Who? Nicolas Cage (daddy), Aaron Johnson (principled), Chloe Moretz (agile), Christopher Mintz-Plasse (twisted), Mark Strong (brewing), Lyndsy Fonseca (ideal girlfriend)
Spot the B(r)it-part: Tamer Hussan (The Business), Dexter Fletcher (Lock Stock), Jason Flemyng (Lock Stock)
What’s it about? Average teenager and comic geek Dave Lizewski is shocked that nobody has ever tried to become a real-life superhero and dons his own outfit, calling himself Kick-Ass. Reality bites hard - he ends up in hospital. Unfazed, he heads back into the fight and – after a video of his brave battle gets on YouTube – he creates a MySpace and is shot to fame.
His first real job, to impress the High School hottie Katie (Fonseca), is to tell her gangster ex-boyfriend to back off. Kick-Ass is about to have his name applied to himself when he is saved by a mysterious and ultra violent child called Hit Girl (Moretz) and her partner Big Daddy (Cage).
Dave, in real life, is keeping up the pretence he’s gay to get close to Katie, while his super alter-ego is sought after by crime boss Frank D’Amico (Strong) who thinks he is responsible for the murders of his men, who were in fact obliterated by Hit Girl and Big Daddy. Enter Red Mist (Christopher Mintz-Plasse, aka McLovin), the deceptive ‘superhero’ and a whole bunch of pain.
What’s good about it? Everything. The visuals are full of rich colour – like a comic. The tone is lighthearted with twists of dire darkness while remaining immensely self-deprecating throughout – like a comic. Just to re-iterate, this is funny, really, really funny – it should be called a comedy rather than an action film. The music is perfectly suited and unrelenting. The characters are extreme and morals are at the heart of the tale – yes, like a comic. It's the first REAL comic film.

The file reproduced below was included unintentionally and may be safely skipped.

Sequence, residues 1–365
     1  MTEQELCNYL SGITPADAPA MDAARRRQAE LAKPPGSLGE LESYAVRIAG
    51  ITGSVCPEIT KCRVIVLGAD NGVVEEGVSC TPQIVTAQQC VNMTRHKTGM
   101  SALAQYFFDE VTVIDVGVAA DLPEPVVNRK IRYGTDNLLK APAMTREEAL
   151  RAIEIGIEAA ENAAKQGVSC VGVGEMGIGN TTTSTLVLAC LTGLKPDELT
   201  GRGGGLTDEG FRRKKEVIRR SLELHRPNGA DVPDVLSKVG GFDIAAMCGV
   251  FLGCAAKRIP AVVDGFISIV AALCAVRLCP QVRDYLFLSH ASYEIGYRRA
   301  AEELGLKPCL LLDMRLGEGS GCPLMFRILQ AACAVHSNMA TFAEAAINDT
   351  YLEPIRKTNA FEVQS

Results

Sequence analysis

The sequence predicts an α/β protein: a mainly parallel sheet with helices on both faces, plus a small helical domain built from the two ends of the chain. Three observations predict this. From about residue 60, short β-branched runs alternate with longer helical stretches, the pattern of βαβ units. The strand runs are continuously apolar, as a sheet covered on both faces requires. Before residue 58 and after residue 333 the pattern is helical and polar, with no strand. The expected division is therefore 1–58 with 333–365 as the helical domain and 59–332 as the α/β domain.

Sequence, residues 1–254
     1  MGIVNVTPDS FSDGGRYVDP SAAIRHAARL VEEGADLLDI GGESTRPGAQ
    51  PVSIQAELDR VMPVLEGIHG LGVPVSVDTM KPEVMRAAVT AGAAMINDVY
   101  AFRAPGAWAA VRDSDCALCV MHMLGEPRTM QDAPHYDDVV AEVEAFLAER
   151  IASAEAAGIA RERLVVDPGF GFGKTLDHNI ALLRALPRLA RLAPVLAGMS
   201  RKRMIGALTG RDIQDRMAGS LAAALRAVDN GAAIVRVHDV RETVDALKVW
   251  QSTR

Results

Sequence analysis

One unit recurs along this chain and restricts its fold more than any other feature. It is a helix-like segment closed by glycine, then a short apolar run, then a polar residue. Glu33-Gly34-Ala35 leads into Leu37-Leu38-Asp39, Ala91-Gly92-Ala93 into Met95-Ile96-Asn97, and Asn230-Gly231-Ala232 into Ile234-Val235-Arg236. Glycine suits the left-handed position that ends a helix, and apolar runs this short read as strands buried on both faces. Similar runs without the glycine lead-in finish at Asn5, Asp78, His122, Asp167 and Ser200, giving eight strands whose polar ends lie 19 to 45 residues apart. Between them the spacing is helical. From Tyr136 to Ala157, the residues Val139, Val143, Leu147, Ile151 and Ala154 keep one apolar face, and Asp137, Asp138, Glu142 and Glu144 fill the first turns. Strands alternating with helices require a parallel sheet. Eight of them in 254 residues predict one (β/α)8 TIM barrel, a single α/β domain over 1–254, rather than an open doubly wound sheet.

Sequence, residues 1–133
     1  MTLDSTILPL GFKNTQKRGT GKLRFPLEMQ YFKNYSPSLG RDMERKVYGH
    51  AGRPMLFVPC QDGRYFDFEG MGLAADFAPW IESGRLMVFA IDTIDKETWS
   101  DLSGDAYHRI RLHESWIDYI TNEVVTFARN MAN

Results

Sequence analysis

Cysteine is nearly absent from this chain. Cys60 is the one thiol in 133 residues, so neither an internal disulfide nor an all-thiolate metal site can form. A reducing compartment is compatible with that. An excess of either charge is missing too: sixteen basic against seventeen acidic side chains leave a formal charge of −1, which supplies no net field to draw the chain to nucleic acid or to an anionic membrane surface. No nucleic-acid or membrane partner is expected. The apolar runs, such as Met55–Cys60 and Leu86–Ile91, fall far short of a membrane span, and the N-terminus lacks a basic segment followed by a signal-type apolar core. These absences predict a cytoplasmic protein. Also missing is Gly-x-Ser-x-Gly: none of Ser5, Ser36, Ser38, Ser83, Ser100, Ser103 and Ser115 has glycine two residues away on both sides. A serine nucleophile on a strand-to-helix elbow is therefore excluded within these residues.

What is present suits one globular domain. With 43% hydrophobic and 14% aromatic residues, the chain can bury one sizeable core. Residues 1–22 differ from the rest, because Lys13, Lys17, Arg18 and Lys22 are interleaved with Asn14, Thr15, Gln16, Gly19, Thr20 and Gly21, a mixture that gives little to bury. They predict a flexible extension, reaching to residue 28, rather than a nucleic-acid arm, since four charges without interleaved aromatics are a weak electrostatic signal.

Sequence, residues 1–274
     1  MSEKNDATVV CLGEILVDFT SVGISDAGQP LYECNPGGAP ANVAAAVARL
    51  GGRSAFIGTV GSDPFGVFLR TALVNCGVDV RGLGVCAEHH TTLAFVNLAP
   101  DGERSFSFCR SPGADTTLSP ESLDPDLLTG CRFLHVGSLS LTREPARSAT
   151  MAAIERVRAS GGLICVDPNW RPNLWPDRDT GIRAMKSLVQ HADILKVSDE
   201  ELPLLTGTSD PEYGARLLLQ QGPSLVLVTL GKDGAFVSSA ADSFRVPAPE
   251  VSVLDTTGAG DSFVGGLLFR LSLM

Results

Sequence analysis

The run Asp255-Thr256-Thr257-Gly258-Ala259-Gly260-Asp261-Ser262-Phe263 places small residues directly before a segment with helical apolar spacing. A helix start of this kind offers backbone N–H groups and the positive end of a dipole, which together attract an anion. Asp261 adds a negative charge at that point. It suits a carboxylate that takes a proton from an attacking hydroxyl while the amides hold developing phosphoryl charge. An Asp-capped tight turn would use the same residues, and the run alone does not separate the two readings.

Amazing, gory and immersive fight scenes; punchy, side-splitting dialogue; excellent acting and utter originality are just a few of the good things about this film. If you can see through your teary laughing eyes you’ll notice the moral meaning. A recent spoilsport article in the Daily Telegraph featured a physicist pointing out that comic heroes should only have one power to make them more believablet. Since Kick-Ass has no powers, you’re left feeling his only special skill is his naïve, wide-eyed belief that even making a stand and being knocked down is enough to make a difference. His power, essentially, is faith – something that resonates to every viewer and will ensure this film is going to be an international hit. That, or the thing in the box that gets used at the end of the film, which we can’t tell you about without ruining the surprise.
The film’s synergy of comedy and ultra-violence; reality and total fantasy, is like nothing before. If Tarantino directed a Spiderman that was written by Garth Ennis and starred Will Ferrell, it might have been nearly as good as Kick-Ass.
What’s bad about it? Nothing. Except, maybe, that it has set up for a sequel that couldn’t hope to live up to the original.
Nerd fact: The video of Kick-Ass fighting which gets put on YouTube in the film was actually made and used as a viral marketing tool when the original comic was released (video below).
Verdict: Go and see it immediately!
A very, very rare